Today's Article
The Blackwater
security fiasco is
only the most recent
chapter in a tale of
apparent White
House corruption
and hubris in Iraq .
The American Spark
Who's Watching U.S. Companies In Iraq?

By Cliff Montgomery - Sept. 20th, 2007

The decision of Iraq's government to place a temporary ban on the Blackwater security company  after its
employees fatally shot Baghdad civilians is only the most recent chapter in a tale of apparent White House
corruption and hubris.

This ugly episode has forced every caring American to ask two questions: Just who in the Bush Administration
is watching our corporations in Iraq, and who--if anyone--holds them accountable if they do wrong?

Private security companies like Blackwater are an especially worrisome issue in Iraq. While there appears to be
a growing set of rules overseeing weapons-bearing private contractors,  administration enforcement of those
rules seems to be another matter.

It's been almost a year since the passage of a law which prosecutes errant private employees under the U.S.
military code of justice. But the Bush Administration has yet to release a paper informing military lawyers on
how to proceed with such cases, says Peter Singer, a security industry expert employed at the Brookings
Institution in Washington, D.C.

A July
Congressional Research Service report previously disclosed by The American Spark claimed that
security employees in Iraq work under the laws of America, Iraq and such inter-governmental bodies as the
United Nations.

But this is no assurance that clear wrongdoing will be punished, the report added.

A court-martial of private employees may prove unconstitutional, stated the report, while the U.S. does not
recognize the Iraqi government's right to bring American-based contractors to justice.

"It is possible that some contractors may remain outside the jurisdiction of U.S. courts, civil or military, for
improper conduct in Iraq," the study reported.

"This is what happens when government fails to act," Singer replied via the Brookings Website after the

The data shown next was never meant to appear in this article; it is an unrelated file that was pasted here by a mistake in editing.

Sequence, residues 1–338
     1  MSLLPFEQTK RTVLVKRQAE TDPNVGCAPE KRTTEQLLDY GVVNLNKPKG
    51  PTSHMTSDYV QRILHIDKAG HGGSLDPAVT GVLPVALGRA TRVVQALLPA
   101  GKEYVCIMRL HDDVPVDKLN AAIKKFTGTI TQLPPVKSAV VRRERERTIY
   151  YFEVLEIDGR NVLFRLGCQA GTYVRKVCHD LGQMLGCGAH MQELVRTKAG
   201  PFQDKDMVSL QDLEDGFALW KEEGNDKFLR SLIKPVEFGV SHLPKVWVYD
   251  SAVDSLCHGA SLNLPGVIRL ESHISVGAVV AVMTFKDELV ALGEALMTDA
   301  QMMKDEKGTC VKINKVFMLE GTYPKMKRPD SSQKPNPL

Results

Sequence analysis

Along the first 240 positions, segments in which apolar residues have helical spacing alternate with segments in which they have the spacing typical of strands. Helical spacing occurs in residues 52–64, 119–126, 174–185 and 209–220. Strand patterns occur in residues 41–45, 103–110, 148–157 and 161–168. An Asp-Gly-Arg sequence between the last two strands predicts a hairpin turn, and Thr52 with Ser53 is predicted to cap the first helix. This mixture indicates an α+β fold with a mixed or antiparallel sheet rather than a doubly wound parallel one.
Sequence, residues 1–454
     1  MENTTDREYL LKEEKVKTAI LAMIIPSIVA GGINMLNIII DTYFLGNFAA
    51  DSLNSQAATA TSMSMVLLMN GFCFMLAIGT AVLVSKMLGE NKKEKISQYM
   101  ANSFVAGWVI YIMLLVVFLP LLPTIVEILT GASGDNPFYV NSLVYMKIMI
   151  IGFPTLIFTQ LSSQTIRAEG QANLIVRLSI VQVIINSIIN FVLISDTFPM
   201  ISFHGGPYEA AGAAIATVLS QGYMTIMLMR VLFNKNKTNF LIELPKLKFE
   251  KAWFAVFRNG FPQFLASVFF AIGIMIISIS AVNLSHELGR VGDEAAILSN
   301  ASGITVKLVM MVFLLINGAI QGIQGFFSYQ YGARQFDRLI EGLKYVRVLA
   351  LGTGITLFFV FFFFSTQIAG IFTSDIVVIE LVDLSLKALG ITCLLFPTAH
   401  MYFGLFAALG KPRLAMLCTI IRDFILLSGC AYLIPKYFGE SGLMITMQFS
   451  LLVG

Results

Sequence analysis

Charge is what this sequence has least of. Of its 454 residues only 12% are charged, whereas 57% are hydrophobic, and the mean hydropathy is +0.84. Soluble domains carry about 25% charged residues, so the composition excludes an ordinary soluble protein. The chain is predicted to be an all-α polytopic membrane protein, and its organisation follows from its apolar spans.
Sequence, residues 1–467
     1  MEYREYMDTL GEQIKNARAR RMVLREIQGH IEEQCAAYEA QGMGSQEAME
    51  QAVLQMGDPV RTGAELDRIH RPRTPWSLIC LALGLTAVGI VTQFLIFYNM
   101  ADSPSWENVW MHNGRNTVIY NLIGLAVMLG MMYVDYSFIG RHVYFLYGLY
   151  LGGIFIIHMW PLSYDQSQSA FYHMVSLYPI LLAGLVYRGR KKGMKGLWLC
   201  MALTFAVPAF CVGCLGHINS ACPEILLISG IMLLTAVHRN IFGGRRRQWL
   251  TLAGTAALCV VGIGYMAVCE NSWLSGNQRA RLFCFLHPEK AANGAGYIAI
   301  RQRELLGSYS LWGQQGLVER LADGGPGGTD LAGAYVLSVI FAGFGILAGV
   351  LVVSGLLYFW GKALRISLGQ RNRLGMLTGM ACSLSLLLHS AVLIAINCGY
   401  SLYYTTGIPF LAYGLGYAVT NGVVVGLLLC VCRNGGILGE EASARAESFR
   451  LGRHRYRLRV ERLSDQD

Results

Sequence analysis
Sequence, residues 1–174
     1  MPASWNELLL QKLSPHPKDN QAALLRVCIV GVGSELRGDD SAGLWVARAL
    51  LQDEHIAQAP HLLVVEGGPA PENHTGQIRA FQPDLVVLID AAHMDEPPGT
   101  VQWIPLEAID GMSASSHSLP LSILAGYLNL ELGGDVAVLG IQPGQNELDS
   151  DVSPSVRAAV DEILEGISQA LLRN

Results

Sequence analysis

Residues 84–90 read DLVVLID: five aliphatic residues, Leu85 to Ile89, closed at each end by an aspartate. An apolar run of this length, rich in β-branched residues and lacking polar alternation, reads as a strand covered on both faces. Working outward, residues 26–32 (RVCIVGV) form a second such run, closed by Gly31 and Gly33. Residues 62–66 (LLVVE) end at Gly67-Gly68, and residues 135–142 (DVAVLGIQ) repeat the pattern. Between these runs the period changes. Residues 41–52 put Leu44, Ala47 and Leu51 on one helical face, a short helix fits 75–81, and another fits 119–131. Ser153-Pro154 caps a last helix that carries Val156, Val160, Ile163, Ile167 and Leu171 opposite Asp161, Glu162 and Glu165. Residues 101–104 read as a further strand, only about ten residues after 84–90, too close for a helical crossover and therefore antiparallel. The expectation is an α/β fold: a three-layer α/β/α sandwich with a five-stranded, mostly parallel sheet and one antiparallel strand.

apparent Sunday massacre involving Blackwater employees.

The Iraqi government issued a statement Tuesday that it would take a closer look at all security firms now
employed in Iraq, in an effort to ensure that the companies are following Iraqi laws.

But this may prove to be an empty promise. About three years ago, the American-led Coalition Provisional
Authority (CPA) issued Order No. 17, which granted U.S.-based security companies a near-blanket immunity
from prosecution by the Iraqi government.

Iraqi representatives have told journalists that their government can't afford to rescind the questionable order.

"We don't want to do so because we don't have the services they are providing for the diplomats and for the
American Embassy here in Iraq," said government spokesman Ali al-Dabbagh to
CNN reporters.

Blackwater is based in Moyock, NC. It is one of the three private security companies hired to provide
bodyguards for State Department personnel in Iraq. The other two are based near  Washington, D.C.:
Dyncorp, headquartered in Falls Church, VA, and Triple Canopy, which is based in Herndon, VA.

The Blackwater debacle comes on the heels of a similar embarrassment, involving a team of Defense auditors
who in early September were quietly shuttled to Iraq. The group is examining the increasing cases of corruption
and fraud being perpetrated through contracts meant to provide weapons and other supplies to Iraqi forces.

"The [Defense] Department is concerned with the number of contracting improprieties" that have been
discovered, department spokesman Bryan Whitman told the
Associated Press (AP) on August 28th.

A few members of a group headed by Pentagon Inspector General Claude Kicklighter already were in Iraq by
late August, studying the matter. The majority of Kicklighter's group would join those auditors during the first
week of September, Pentagon spokesman Chris Isleib told

The group is studying "accountability and control problems," said Isleib, including some questions regarding
"weapons and munitions purchased by the U.S. government and intended for use by Iraqi security forces."

The Kicklighter team also will study similar problems in Afghanistan.

There were 73 ongoing criminal probes investigating contracts in Iraq, Afghanistan and Kuwait as of late
August, Army spokesman Col. Dan Baggio told

As a result of one of the most recent contract investigations, the Government Accountability Office issued a
July declaration that the Defense Department cannot verify who now possesses at least 190,000 weapons
worth $19.2 billion and originally given to Iraqi security units.

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